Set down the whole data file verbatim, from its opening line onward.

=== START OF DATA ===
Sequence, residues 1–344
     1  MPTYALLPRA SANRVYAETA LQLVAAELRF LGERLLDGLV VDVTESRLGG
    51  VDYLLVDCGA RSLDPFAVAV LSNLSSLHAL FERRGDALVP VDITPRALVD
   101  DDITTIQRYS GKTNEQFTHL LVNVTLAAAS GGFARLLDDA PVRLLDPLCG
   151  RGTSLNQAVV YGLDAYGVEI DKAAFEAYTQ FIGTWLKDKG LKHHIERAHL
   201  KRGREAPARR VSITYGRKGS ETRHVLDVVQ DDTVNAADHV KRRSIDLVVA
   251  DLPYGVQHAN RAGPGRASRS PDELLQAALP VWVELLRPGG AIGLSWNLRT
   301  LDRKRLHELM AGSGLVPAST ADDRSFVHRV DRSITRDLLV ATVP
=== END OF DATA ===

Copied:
Sequence, residues 1–344
     1  MPTYALLPRA SANRVYAETA LQLVAAELRF LGERLLDGLV VDVTESRLGG
    51  VDYLLVDCGA RSLDPFAVAV LSNLSSLHAL FERRGDALVP VDITPRALVD
   101  DDITTIQRYS GKTNEQFTHL LVNVTLAAAS GGFARLLDDA PVRLLDPLCG
   151  RGTSLNQAVV YGLDAYGVEI DKAAFEAYTQ FIGTWLKDKG LKHHIERAHL
   201  KRGREAPARR VSITYGRKGS ETRHVLDVVQ DDTVNAADHV KRRSIDLVVA
   251  DLPYGVQHAN RAGPGRASRS PDELLQAALP VWVELLRPGG AIGLSWNLRT
   301  LDRKRLHELM AGSGLVPAST ADDRSFVHRV DRSITRDLLV ATVP